Therefore, it helps to have someone to talk to when the stress becomes too much. Usually, a fellow full-time blogger or entrepreneur can understand the kind of stress that comes with building a new business.

#3. Do you have a plan B?

You can save yourself a lot of stress by having a plan B in case things do not work out. When you have no other options, you back yourself into a corner. For example, if money is a worry, you should explore various ways to make money even as you build up your blog.

8. You May Find It Difficult To Re-Enter Your Industry

Sometimes it can take a long time (2-3 years) before you know for sure whether you can make a full-time living out of blogging.

There are several risks associated with leaving a job for such a long period.

  • You will lose contact with people in your industry.
  • The industry will also change and you might find that there are new technologies and skills required.
  • Employers may be more interested in hiring younger workers rather than more experienced workers who may demand more money.
  • There will be an awkward gap in your CV that you have to explain in a way that doesn’t make you seem like a flake.

Questions to help you assess your ability to re-enter the workforce

Before you get into full-time blogging, you need to examine the chances of you getting back into your industry. To do this, you can ask the following:

#1. Are you willing to keep up with your skills?

When you become self-employed, you will need to make an effort to ensure your skills and knowledge remain up to date and in line with the changing requirements of the workplace.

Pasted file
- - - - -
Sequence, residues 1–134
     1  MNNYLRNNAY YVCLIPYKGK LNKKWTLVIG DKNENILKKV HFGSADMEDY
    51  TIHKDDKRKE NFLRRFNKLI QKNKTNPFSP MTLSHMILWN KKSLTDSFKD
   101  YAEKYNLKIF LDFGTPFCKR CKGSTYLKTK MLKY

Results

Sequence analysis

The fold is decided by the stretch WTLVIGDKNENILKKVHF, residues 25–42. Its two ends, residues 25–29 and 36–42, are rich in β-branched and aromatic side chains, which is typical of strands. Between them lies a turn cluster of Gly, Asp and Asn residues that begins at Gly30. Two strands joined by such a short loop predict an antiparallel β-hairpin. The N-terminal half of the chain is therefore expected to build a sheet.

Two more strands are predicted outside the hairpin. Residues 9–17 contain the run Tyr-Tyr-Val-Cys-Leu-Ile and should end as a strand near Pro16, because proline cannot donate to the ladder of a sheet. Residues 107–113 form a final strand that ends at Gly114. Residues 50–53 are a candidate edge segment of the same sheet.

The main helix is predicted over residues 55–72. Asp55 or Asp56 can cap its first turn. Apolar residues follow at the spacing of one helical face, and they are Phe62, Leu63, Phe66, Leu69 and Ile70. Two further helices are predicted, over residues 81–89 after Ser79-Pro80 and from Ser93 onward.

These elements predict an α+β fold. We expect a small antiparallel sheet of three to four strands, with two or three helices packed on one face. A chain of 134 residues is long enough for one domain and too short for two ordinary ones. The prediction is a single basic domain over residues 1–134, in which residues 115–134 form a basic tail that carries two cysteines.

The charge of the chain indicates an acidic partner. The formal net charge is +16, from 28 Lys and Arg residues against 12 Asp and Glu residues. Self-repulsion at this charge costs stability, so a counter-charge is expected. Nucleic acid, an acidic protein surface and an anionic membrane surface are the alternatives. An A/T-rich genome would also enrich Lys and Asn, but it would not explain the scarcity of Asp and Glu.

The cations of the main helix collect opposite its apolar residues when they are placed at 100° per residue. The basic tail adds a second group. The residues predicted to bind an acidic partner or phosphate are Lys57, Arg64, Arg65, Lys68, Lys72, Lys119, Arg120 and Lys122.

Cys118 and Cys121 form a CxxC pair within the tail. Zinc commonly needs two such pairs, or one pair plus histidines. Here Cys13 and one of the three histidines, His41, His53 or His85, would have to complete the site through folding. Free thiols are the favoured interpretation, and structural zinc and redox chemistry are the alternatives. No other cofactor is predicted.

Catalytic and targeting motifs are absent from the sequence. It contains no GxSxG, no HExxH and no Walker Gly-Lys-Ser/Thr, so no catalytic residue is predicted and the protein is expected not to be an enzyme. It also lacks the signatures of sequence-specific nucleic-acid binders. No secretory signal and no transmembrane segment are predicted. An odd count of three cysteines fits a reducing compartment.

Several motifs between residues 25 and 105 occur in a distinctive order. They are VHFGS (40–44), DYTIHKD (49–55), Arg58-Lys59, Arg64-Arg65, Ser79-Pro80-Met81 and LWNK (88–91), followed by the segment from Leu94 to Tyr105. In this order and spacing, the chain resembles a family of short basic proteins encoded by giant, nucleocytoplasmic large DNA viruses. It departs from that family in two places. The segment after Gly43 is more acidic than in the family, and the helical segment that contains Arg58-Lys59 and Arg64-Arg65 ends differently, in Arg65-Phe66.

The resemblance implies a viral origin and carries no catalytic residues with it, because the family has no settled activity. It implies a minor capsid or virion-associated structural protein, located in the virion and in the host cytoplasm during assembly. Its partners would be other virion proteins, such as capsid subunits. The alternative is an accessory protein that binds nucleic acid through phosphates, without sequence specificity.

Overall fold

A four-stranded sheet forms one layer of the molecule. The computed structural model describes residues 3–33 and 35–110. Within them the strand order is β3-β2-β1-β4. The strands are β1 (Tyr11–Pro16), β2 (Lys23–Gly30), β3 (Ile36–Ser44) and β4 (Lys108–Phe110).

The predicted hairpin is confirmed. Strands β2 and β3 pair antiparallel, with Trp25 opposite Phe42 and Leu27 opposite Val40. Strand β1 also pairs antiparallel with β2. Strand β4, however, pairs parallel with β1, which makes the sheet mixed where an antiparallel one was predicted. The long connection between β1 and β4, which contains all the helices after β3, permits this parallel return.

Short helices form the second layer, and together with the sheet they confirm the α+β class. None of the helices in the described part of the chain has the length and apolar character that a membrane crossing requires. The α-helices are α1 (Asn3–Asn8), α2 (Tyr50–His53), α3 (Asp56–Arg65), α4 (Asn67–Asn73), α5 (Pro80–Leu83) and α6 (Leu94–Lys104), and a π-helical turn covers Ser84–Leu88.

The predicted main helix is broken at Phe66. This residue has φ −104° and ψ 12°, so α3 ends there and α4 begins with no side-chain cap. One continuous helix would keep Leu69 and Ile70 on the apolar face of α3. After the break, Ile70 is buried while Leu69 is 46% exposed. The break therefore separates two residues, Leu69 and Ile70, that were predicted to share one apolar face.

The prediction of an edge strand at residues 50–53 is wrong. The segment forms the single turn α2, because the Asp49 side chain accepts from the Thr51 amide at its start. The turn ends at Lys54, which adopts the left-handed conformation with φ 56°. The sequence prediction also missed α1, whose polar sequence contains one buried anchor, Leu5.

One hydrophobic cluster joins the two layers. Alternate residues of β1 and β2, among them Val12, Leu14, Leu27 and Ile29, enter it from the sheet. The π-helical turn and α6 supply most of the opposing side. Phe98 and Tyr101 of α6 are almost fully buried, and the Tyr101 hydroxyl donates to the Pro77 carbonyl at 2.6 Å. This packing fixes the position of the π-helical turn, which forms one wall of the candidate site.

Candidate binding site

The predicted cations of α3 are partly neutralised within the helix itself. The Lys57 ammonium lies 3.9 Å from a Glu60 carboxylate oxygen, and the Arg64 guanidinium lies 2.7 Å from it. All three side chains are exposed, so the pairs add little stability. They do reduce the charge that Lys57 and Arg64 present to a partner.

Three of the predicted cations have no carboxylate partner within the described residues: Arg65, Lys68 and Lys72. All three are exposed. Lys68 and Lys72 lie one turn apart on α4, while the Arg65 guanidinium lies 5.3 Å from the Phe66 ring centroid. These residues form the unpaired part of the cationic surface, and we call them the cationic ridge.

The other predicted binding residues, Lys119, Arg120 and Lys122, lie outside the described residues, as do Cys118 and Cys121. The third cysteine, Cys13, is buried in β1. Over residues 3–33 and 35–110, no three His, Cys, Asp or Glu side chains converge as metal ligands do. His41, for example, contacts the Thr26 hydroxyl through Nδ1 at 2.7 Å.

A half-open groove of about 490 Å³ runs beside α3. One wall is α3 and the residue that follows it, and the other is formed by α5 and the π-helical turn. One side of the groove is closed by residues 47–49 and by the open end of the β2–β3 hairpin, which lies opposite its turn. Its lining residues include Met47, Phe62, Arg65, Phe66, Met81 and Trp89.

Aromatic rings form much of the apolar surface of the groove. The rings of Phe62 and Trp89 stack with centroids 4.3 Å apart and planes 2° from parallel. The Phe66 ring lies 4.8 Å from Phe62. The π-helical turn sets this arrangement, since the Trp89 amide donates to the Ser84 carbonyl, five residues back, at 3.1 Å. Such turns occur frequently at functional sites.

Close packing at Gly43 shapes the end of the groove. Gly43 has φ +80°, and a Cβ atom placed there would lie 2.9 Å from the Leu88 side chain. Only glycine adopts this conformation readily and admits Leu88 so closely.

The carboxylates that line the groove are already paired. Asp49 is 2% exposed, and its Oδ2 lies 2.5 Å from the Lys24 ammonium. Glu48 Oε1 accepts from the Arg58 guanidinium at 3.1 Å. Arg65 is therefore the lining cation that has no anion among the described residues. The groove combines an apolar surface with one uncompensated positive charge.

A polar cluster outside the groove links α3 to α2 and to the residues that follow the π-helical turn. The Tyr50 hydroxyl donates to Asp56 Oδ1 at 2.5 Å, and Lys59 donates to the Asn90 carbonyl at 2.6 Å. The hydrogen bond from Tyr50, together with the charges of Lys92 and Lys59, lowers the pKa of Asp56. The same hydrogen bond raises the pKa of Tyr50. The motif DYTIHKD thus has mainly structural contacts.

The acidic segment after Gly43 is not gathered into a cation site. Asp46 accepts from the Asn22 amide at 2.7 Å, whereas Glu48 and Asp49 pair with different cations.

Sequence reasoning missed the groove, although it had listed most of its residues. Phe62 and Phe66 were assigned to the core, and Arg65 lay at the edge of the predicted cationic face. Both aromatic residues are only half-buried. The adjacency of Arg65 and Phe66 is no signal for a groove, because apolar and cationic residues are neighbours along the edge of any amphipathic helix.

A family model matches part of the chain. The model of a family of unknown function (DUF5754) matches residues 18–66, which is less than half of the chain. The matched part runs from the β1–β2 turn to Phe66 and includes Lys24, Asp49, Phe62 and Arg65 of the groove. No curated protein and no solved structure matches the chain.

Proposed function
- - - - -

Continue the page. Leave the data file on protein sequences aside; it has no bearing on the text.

If you enjoy your work, consider starting a blog is related to the industry you currently work in. This will help you keep up with trends, knowledge, and networks in your industry. It may even raise your profile within your industry.

#2. Can you handle the feeling of being left behind?

When you leave your job, the people you left behind will keep progressing. Many of your former colleagues will get promotions and higher salaries.

If you decide to go back to your place of work, can you handle working under people who were your peers or even your juniors? Will you get embarrassed when you seem like a failure in their eyes?

#3. How competitive is your industry?

If your industry is very competitive, you may find it difficult to re-enter your industry. You need to ask yourself whether it is a risk you are willing to take.

If you love your job and the industry you are involved in, you can consider working part-time. This can keep you connected to your industry as you test the waters in blogging.

9. You May Lose Your Work Social Network

After the initial excitement of being your own boss and making your own hours starts to wane, you may find yourself craving the social benefits that come with having a traditional 9-5 job.

Blogging can be lonely

A job comes with many opportunities to make friends with other co-workers as well as people you meet in the course of doing your job. Blogging tends to be more of a solitary activity with most of your hours spent typing away in front of the computer.

This can lead to a lot of loneliness and can be distressing especially if you are a gregarious person.

Questions to help you assess your ability to cope with loneliness in blogging

Here are some questions you can ask yourself to see if you handle the loneliness that comes with blogging.

#1. Are you comfortable being alone for extended periods?

Can you envision yourself living the solitary life of a blogger for several months or years?

You can try this out by taking some time off for a week or two to write. Go somewhere where no one knows you and spend the entire time writing. If you enjoy (or don’t mind) the experience, you may have a chance of coping.